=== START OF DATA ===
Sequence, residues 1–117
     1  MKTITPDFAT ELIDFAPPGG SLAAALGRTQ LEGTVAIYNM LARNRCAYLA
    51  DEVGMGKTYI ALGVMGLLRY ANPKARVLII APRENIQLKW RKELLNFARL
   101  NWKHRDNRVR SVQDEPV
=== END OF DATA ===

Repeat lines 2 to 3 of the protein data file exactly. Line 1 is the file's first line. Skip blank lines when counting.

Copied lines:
     1  MKTITPDFAT ELIDFAPPGG SLAAALGRTQ LEGTVAIYNM LARNRCAYLA
    51  DEVGMGKTYI ALGVMGLLRY ANPKARVLII APRENIQLKW RKELLNFARL